WE were told in the foregoing book how the evil spirit practised upon Eve as she lay asleep, in order to inspire her with thoughts of vanity, pride, and ambition. The author, who shows a wonderful art throughout his whole poem in preparing the reader for the several occurrences that arise in it, founds upon the above-mentioned circumstance the first part of the fifth book. Adam upon his awaking finds Eve still asleep, with an unusual discomposure in her looks. The posture in which he regards her is described with a tenderness not to be expressed, as the whisper with which he awakens her is the softest that ever was conveyed to a lover's ear:

“His wonder was, to find unwaken'd Eve
With tresses discomposed, and glowing cheek,
As through unquiet rest: he, on his side
Leaning half-raised, with looks of cordial love
Hung over her enamour’d, and beheld
Beauty which, whether waking or asleep,

Shot forth peculiar graces: then, with voice
Mild, as when Zephyrus on Flora breathes,
Her hand soft touching, whisper'd thus: Awake,
My fairest, my espoused, my latest found,
Heaven's last, best gift, my ever new delight!
Awake : the morning shines, and the fresh field
Calls us; we lose the prime, to mark how spring
Our tender plants, how blows the citron grove,
What drops the myrrh, and what the balmyreed;
How nature paints her colours; how the bee
Sits on the bloom extracting liquid sweet.
Such whispering waked her, but with startled eye
On Adam, whom embracing, thus she spake :
O sole, in whom my thoughts find all repose,
My glory, my perfection glad I see

Thy face, and morn return’d 25

I cannot but take notice that Milton, in the conferences between Adam and Eve, had his eye very frequently upon the book of Canticles, in which there is a noble spirit of eastern poetry, and very often not unlike what we meet with in Homer, who is generally placed near the age of Solomon. I think there is no question but the poet in the preceding speech remembered those two passages, which are spoken on the like occasion, and filled with the same pleasing images of nature.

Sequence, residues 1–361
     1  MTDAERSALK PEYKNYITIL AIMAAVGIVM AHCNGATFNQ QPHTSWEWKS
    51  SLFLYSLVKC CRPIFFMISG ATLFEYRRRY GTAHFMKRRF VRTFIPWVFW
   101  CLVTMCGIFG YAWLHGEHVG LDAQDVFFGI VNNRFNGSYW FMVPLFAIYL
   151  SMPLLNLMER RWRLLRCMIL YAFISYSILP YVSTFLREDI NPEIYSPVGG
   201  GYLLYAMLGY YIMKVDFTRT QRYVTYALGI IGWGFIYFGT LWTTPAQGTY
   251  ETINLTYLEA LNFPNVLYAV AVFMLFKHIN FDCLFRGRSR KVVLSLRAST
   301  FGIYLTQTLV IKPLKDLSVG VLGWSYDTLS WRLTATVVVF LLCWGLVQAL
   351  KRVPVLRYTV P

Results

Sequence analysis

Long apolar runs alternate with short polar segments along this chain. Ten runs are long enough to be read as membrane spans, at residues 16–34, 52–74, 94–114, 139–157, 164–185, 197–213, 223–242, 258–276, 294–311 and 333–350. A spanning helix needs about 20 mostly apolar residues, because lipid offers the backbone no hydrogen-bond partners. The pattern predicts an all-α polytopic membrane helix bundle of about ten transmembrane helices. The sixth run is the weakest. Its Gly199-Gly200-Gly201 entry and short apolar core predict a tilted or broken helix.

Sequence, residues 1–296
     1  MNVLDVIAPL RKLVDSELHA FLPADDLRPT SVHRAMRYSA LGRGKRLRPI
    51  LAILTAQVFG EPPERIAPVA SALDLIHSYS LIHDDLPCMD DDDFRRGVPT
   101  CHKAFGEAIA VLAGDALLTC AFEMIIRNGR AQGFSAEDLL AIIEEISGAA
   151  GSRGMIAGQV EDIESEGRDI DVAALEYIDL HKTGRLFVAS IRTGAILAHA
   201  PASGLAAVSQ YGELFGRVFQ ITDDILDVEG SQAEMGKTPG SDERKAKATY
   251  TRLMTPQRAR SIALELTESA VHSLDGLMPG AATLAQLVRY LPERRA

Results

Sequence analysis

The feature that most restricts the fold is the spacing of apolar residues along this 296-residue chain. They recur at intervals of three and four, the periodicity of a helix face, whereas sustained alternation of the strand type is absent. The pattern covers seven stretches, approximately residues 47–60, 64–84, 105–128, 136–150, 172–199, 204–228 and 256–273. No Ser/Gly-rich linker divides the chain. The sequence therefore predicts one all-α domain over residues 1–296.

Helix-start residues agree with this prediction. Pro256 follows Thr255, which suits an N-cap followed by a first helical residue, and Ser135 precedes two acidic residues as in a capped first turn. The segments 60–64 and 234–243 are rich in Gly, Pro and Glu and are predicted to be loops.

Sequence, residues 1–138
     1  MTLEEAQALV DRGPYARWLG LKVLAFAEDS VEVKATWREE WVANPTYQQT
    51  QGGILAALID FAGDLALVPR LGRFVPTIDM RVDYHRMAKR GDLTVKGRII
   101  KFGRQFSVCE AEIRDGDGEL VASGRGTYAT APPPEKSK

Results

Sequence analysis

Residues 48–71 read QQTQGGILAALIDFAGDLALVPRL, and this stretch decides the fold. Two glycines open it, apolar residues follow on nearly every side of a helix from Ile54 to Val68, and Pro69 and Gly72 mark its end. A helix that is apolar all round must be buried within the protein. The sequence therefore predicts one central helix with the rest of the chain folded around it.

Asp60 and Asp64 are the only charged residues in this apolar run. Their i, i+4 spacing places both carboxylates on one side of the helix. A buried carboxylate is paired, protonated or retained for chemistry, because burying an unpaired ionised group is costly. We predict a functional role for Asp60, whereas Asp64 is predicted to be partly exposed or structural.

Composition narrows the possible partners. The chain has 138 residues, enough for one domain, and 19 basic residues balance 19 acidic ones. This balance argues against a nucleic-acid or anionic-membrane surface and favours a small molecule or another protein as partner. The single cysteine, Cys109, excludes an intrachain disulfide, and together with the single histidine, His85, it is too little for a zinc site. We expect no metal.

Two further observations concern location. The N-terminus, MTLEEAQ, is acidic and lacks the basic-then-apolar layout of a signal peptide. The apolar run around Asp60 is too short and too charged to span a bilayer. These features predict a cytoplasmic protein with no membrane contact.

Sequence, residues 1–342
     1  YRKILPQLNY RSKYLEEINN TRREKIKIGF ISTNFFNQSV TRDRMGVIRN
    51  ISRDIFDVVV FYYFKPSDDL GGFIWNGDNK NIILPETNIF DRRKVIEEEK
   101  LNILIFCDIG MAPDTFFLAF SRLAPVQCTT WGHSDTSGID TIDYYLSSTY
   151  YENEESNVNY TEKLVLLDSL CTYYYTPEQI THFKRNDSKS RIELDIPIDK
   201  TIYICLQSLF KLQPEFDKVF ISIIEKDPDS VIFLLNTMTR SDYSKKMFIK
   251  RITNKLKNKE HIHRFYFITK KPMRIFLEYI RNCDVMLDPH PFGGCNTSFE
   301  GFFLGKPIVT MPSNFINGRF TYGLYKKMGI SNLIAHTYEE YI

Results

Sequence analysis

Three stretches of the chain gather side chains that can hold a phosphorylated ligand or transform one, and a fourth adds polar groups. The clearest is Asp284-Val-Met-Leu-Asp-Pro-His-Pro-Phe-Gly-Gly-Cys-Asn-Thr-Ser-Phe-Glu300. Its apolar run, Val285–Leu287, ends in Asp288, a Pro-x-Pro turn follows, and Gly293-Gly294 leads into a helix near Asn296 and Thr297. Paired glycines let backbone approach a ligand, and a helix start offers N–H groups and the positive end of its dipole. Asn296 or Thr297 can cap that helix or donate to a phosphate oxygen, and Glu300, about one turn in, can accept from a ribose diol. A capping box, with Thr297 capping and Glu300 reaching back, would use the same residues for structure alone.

“My beloved spake, and said unto me, Rise up, my love, my fair-one, and come away; for lo the winter is past, the rain is over and gone, the flowers appear on the earth, the time of the singing of birds is come, and the voice of the turtle is heard in our land. The fig-tree putteth forth her green figs, and the vines with the tender grapes give a good smell. Arise, my love, my fair-one, and come away.

“Come, my beloved, let us go forth into the field, let us get up early to the vineyards, let us see if the vine flourish, whether the tender grapes appear, and the pomegranates bud forth.”

His preferring the garden of Eden to that

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shows that the poet had this delightful scene in his mind. Eve's dream is full of those high conceits engendering

pride, which, we are told, the devil endeavoured to instil into her. Of this kind is that part of it where she fancies herself awakened by Adam in the following beautiful lines: “Why sleep'st thou, Eve? Now is the pleasant time, The cool, the silent, save where silence yields To the night-warbling bird, that now awake Tunes sweetest his love-labour’d song; now reigns Full orb’d the moon, and with more pleasing light Shadowy sets off the face of things. In vain, If none regard. Heaven wakes with all his eyes, Whom to behold but thee, nature's desire, In whose sight all things joy, with ravishment Attracted by thy beauty still to gaze"

An injudicious poet would have made Adam talk through the whole work in such sentiments as these: but flattery and falsehood are not the courtship of Milton's Adam, and could not be heard by Eve in her state of innocence, excepting only in a dream produced on purpose to taint her imagination. Other vain sentiments of the same kind, in this relation of her dream, will be obvious to every reader. Though the catastrophe of the poem is finely presaged on this occasion, the particulars of it are so artfully shadowed, that they do not anticipate the story which follows in the ninth book. I shall only add, that though the vision itself is founded upon truth, the circumstances of it are full of that wildness and inconsistency which are natural to a dream. Adam, conformable to his superior character for wisdom, instructs and comforts Eve upon this occasion:

“So cheer'd he his fair spouse, and she was cheer'd;
But silently a gentle tear let fall
From either eye, and wiped them with her hair;
Two other precious drops, that ready stood
Each in their crystal sluice, he, ere they fell,
Kiss'd, as the gracious signs of sweet remorse
And pious awe, that fear'd to have offended.”

The morning hymn is written in imitation of one of those psalms where, in the overflowings of gratitude and praise, the psalmist calls not only upon the angels, but upon the most conspicuous parts of the inanimate creation,